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Sharell December 12, 2011 at 10:17 am

I don’t understand why people insist on using tools that require them to bend over. Perhaps it’s because I’m nearly as tall as you, but it just makes me hurt sympathetically!

Thank you! I appreciate you understanding! :-) You know, when we lived in our old apartment and I refused to get a maid — I used to clean all the floors myself with a bucket and wet cloth every second day. I got a very sore knee from all the squatting down. I don’t think the western body is made for such ways of cleaning!

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Monishikha December 12, 2011 at 8:36 am

Hi Sharell,

Im so happy that you wrote this post, because of late I’ve been hearing a lot about how Indians are too lazy to clean their own houses, mostly from people who have never actually lived and run their own house,in India. What these people don’t realise is that in most Indian houses,cleaning is extremely labour intensive and back breaking,and if one has to maintain some semblance of a well run house without househelp, that is practically all that one would be doing the whole day! Which is why , maids are so important to a typical Indian housewife, like me, who would like to be able to get some time in a day,to do something other than cooking, cleaning, dusting etc..such as being the principal care giver to a very naughty little boy and reading the odd blog or book once in a while :D

@ Prashanth,

You said,
“I also find it odd that many Indians (middle-class and upwards) always want the servants to do that. I don’t like that and whenever I’m in India, I sometimes volunteer to clean up, using the broom.”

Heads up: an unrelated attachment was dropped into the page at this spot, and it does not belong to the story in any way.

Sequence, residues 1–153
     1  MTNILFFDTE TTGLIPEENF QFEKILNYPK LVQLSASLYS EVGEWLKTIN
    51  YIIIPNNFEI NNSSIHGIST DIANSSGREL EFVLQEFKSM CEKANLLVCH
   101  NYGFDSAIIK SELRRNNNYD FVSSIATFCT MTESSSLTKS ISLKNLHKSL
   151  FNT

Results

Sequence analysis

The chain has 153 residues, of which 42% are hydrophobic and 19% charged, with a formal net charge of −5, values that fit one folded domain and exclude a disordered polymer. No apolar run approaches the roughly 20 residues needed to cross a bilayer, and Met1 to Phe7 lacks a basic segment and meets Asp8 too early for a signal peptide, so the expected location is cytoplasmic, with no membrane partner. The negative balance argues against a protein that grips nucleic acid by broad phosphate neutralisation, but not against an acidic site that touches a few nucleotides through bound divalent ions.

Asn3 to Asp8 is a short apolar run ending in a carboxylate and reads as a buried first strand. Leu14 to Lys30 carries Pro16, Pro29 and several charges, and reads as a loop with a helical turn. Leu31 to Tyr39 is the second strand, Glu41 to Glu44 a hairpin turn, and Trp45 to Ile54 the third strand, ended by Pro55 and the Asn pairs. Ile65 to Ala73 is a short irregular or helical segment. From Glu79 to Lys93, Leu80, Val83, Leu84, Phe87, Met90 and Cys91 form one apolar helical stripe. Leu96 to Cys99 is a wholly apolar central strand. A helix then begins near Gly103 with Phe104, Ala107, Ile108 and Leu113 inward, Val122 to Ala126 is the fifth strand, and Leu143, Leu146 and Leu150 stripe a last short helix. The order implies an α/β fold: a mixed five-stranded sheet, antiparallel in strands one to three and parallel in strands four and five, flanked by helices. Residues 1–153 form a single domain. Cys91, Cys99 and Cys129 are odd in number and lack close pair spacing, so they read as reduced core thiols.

I think if you try cleaning up an Indian house more often than “sometimes” ,i.e once or twice a day with a “jhadu” , you will no longer find it odd that some of us Indians like to have househelp.

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Sharell December 12, 2011 at 10:22 am

Hi Monishikha, I totally agree with you! Not only do homes get so dusty and dirty, cleaning is time consuming and labour intensive. The amount of effort that has to be put into it on a daily basis really would leave little time for anything else. By the end of the summer, after 7 months of no rain, the dust settles again the same day even! Not fun. Unfortunately, my house isn’t the cleanest house (there’s usually dust around) because I just don’t have the time to devote to it every day and the maid just does the floors. It’s not like when I was living in Australia and working, and the house only needed a clean once every couple of weeks! ;-)

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Monishikha December 12, 2011 at 1:19 pm

:D

Good to have a point of view from someone who’s seen both sides! My house is sparkly clean ONLY when I know Im going to have guests visiting or my mom is coming to stay,in which case, she takes care of places like my kitchen cupboards, which I generally ignore beyond the superficial organisation required for finding everyday things.

As far as Im concerned, if it looks neat (and I know it’s clean) then Im done, for the day :D

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prashanth December 12, 2011 at 3:21 pm

@Monishikha